"Though Ferdinand and Maria Carolina had encouraged many wise reforms during the last thirty years, it would be strange to expect them to promote reforms wich threathened their ultimate existence - strange to us, but not to Lomonaco, Cuoco, Arrighi, Colletta and their parrot successors. According to these, it was selfish and unreasonable of the King and Queen not to have appreciated the French Jacobins and afforded every facility to those who wished to emulate them in Naples. But the majority of the population had a horror of revolutionary ideas and refused to be 'enlightened'. Perhaps they realized instinctively that the French Revolution could effect no foundamental change in human nature."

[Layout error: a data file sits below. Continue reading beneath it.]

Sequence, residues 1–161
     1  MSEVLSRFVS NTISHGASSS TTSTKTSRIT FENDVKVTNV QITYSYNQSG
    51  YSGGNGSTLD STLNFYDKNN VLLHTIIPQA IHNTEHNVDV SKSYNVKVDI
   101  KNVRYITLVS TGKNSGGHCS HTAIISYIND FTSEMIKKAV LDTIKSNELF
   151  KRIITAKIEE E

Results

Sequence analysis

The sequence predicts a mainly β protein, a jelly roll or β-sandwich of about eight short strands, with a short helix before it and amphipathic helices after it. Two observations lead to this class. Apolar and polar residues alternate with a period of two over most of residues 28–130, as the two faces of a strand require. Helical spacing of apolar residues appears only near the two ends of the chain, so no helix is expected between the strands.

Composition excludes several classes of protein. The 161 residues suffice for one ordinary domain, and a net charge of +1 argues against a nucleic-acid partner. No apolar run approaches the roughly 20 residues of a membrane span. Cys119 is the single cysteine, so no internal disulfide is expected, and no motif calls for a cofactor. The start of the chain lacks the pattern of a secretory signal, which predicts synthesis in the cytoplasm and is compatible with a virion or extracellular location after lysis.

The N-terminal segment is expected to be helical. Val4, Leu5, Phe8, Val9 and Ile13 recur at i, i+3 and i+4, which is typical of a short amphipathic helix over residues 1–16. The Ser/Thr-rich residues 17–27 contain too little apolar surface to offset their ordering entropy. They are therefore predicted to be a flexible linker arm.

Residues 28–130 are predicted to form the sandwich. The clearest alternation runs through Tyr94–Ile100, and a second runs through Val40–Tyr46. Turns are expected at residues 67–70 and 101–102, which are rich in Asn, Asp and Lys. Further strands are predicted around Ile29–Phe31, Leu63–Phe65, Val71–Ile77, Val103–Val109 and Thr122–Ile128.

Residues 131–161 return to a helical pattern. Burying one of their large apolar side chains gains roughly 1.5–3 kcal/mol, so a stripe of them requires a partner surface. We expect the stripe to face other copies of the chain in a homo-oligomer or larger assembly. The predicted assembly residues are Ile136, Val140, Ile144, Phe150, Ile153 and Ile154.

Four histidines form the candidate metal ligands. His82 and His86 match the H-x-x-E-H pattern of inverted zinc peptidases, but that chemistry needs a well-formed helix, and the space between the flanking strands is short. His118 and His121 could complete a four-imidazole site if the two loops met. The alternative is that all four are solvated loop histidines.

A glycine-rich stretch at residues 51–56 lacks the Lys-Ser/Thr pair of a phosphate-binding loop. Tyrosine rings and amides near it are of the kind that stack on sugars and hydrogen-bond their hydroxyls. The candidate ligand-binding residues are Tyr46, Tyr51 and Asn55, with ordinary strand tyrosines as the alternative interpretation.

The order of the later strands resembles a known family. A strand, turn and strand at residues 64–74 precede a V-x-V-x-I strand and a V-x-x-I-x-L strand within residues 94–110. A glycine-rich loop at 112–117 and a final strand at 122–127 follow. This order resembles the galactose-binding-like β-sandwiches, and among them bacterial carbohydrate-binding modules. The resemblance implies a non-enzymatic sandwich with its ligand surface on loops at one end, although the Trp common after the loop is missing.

"On the 20th [of December, 1798] another large mob gathered before the palace, shouting for arms to defend the King and themselves, and for permission to kill the Jacobins and the French. The spectacle of such mass excitement was far from reassuring to the Royal Family, who began to regard their palace as a prison. Next morning the Royal Messenger Ferreri was mistaken for a French spy and dragged under the King's balcony where he was butchered by the mob, howling "Death to the Jacobin!" The King was horrified to recognize this innocent victim, whose bleeding corpse was held up to him as a proof of his people's loyalty. Republican writers allege that the Queen and Acton had instigated this atrocity, first to get rid of an accomplice who might betray secrets, and secondly to persuade the King to leave. This is mere party journalism, but the incident would have unnerved a braver man than Ferdinand."...Continua